Successful

Even as we think that computers are “automatic”, we know (and find reassuring) that they depend on our defining click to perform their duty. Would that make us masters of our domain? It might, but only to the extent of our knowledge of what goes on after that crucial click, and of what went on before. Of course, that this is possible with computers – vaguely, and to a very small group of people – is a testimony of how little we dare to really make them our own. Basically, computer litteracy is certified by comparison – by knowing more than others we fell proud and safe –, not by appointment. In other word, not legitimately. Exams are a proof of allegiance to an ideal (which is not a small thing, by the way), not knowledge. Software engineering is social engineering.

Paradox: if we use computers more actively, they will inherit the purposelessness of our normal lives. They aren’t inherently organized and/or organizing entities, far from it. Orderliness is never a condition, it is always a product of life; that’s why it is so valuable, and that’s why it is so hard. The real danger lies in our attempt to fulfill that dream of orderliness as a condition. It is only possible by restricting further and further our ability to act. And the logical exercise of justifying that stupidity is already in motion, with all the bells, whistles and fireworks that come along.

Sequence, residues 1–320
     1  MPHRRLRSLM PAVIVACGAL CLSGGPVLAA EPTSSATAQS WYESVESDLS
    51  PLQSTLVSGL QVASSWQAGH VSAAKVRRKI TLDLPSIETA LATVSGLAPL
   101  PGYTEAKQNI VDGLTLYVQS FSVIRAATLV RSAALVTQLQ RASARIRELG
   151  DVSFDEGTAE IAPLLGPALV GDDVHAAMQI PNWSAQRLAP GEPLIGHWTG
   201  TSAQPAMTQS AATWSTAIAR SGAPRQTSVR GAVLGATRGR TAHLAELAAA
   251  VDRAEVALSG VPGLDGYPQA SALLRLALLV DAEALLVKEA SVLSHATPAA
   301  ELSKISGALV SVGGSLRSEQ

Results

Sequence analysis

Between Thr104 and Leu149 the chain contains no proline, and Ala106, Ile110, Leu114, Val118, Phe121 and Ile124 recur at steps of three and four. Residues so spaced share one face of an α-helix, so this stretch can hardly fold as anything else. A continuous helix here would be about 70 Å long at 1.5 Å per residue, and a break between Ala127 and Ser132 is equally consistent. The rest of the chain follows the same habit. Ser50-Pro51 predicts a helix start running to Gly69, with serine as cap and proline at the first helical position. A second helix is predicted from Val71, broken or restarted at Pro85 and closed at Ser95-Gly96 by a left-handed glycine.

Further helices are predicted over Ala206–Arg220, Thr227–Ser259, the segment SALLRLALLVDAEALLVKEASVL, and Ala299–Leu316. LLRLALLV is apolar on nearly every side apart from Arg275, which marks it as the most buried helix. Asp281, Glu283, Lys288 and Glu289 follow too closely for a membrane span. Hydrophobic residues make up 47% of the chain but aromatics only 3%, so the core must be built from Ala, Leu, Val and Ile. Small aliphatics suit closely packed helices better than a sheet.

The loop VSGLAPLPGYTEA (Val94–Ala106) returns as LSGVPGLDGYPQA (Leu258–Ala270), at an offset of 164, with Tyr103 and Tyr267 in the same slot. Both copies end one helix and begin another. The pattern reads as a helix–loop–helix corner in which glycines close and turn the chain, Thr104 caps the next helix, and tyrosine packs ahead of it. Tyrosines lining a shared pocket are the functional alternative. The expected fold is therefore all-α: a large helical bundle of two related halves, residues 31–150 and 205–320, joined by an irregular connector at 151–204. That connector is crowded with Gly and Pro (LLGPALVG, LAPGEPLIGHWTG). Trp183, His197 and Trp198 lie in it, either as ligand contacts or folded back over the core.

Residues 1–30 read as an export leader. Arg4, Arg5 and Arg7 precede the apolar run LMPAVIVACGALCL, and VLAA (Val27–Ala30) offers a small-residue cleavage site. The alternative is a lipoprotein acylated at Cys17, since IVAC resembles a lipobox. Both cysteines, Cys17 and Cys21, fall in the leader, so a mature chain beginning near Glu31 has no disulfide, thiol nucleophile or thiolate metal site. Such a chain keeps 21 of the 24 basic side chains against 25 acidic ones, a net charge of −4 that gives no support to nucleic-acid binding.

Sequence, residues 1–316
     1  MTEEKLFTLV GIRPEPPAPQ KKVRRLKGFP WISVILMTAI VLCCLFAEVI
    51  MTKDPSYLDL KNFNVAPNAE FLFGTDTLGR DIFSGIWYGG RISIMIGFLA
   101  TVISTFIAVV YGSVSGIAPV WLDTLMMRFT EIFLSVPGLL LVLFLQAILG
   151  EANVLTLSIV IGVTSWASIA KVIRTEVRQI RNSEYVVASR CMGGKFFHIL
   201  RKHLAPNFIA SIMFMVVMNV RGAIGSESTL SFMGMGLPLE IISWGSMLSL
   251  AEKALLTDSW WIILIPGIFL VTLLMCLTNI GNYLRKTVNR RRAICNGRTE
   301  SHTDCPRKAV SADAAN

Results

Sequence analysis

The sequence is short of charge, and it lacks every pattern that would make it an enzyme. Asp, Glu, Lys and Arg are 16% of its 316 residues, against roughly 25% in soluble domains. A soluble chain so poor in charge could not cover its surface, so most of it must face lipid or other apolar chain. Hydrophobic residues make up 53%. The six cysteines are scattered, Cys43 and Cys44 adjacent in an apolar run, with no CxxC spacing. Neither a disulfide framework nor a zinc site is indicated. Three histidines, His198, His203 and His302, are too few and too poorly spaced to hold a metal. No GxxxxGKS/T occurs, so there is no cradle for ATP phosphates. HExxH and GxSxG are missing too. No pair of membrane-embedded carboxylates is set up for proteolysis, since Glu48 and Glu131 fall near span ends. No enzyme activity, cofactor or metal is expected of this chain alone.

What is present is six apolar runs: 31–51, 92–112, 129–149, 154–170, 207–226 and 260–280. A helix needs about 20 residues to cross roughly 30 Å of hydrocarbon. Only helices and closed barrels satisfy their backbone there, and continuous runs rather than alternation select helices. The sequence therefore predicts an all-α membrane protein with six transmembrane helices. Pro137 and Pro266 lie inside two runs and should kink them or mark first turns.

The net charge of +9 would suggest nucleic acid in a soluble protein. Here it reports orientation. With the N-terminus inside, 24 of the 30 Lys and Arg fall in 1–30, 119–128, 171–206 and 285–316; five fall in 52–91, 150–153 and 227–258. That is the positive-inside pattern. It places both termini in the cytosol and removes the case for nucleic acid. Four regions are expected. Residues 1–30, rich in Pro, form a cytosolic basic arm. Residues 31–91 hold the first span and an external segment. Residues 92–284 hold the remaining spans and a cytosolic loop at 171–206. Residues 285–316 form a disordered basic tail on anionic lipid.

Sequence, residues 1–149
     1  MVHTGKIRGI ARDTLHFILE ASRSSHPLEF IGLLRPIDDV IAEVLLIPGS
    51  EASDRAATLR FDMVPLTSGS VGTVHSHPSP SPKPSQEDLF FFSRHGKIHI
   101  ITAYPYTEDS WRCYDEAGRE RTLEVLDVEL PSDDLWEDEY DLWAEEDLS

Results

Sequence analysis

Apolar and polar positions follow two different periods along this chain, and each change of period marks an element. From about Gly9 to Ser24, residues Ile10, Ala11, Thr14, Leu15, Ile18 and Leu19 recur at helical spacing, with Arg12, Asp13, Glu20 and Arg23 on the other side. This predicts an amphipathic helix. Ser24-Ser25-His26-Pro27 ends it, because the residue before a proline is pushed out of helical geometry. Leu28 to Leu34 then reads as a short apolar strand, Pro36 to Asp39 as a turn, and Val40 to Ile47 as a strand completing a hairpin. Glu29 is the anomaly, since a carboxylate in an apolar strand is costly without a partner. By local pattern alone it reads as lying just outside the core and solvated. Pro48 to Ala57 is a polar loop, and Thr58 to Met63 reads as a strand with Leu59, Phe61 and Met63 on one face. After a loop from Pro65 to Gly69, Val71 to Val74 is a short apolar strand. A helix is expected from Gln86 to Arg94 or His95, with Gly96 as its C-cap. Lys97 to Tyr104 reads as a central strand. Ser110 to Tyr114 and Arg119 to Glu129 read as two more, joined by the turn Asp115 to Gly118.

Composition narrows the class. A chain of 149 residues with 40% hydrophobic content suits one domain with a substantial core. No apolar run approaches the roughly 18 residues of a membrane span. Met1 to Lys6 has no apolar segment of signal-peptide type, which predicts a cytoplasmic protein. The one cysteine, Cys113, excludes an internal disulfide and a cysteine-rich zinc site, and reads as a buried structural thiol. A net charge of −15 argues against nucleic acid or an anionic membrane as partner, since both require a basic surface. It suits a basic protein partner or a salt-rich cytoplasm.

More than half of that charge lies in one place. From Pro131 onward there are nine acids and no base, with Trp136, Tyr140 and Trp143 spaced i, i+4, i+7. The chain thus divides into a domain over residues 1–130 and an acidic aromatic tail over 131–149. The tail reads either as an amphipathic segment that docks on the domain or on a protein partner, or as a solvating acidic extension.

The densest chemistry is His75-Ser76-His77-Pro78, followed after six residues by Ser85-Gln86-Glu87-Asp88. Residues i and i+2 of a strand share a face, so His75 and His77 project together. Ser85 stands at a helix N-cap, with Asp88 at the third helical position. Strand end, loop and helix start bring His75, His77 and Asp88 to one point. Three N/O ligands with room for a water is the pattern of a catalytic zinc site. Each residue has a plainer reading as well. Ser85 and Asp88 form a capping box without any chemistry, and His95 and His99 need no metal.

You can’t find a better symbol of decadence than a hacker that accepts money/power in exchange for freedom. They call themselves successful. They are “professional”, and they may be “accountable”,  but they are not responsible. To call them prostitutes would be an offense to prostitutes.

Will computers survive men? Foolishness: computers are humanity. Potence doesn’t need advocates.

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